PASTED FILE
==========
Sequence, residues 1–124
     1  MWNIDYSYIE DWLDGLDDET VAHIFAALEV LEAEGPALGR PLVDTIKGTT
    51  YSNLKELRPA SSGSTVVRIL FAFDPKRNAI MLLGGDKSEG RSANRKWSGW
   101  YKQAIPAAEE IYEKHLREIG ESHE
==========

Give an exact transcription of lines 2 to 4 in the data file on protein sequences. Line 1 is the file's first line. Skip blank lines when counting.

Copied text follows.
     1  MWNIDYSYIE DWLDGLDDET VAHIFAALEV LEAEGPALGR PLVDTIKGTT
    51  YSNLKELRPA SSGSTVVRIL FAFDPKRNAI MLLGGDKSEG RSANRKWSGW
   101  YKQAIPAAEE IYEKHLREIG ESHE